Water shortages are now spreading into North America, particularly the southern US. We're coming to understand the price that we'll have to pay for taking water pretty much for granted over the past century. In most of the world and large parts of North America we've been running a freshwater deficit, draining far more of it than nature can replenish. What we couldn't get from rivers and lakes we pumped out of acquifers heedless of the fact that we were developing a society dependent on water supplies that could not be maintained. We've been burning that candle at both ends and we're getting very close to the middle.

Global warming won't reduce precipitation. A warmer atmosphere will allow more water vapour to form (itself a greenhouse gas) hence more rain. The problem is that climate change alters precipitation patterns. It gives rise to feast or famine conditions, drought and floods often in the same place in the same year. California has been cycling through this for some time. One Californian recently described his state as having four seasons - flood, drought, fire and earthquakes.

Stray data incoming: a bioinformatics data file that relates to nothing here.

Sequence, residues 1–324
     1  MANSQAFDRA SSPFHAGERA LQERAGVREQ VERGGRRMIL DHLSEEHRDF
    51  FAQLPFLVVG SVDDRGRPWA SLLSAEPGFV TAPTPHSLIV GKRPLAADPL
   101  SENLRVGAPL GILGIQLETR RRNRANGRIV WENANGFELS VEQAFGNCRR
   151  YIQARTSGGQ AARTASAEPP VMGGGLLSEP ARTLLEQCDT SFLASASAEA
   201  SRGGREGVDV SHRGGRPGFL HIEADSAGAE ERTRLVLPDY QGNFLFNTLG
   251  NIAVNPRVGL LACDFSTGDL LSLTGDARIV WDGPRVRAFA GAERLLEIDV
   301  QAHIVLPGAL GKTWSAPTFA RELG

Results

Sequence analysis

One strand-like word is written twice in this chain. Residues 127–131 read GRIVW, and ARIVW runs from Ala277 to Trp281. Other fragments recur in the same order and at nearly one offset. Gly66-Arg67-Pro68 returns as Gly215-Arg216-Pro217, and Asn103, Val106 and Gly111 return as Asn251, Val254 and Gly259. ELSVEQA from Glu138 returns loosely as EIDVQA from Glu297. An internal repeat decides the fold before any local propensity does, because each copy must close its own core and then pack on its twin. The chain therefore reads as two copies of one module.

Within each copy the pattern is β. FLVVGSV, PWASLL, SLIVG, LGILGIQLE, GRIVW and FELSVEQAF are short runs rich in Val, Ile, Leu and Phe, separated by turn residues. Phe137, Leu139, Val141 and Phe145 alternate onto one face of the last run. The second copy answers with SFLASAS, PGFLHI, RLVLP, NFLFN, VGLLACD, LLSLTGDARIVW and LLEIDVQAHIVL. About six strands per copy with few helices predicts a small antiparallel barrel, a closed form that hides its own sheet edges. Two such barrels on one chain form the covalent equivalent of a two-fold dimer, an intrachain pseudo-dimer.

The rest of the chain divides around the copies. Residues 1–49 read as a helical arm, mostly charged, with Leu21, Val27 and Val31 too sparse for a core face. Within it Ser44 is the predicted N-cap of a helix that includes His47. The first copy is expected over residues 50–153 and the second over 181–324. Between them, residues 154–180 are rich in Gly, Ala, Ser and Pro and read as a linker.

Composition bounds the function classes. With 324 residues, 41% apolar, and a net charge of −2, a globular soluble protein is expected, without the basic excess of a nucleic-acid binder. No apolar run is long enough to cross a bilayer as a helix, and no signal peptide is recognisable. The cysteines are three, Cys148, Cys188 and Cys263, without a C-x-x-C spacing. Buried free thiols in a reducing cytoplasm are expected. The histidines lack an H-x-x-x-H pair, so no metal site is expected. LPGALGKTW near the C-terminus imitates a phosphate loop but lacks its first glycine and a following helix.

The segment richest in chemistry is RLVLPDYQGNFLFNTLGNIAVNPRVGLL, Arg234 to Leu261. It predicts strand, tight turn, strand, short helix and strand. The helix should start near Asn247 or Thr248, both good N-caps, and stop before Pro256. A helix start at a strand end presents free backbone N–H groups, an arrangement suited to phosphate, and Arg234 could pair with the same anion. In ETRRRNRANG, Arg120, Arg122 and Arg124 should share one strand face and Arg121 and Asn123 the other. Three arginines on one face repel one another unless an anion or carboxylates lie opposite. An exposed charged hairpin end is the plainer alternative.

Water is as fundamental to any society as the foundation is to your house. While it's intact, your house is fine. When it collapses, so does your house. Societies need a steady and reliable supply of fresh water for drinking, washing, sanitation, industry and, of course, agriculture. The rarely mentioned scourge of the Athabasca Tar Sands is the massive amount of water taken to extract and process bitumen and the resulting water contamination left behind. Remember Mikey, it's more than CO2.

There is water in abundance - in the oceans - but converting it to freshwater is expensive, uses a lot of fossil fuel and leaves some pretty nasty residue to be disposed of, usually back into the sea. And, of course, the further you have to transport it from the coast the greater the cost. It should be a last resort and in parts of the Middle East it's just that but one they're resorting to quite freely.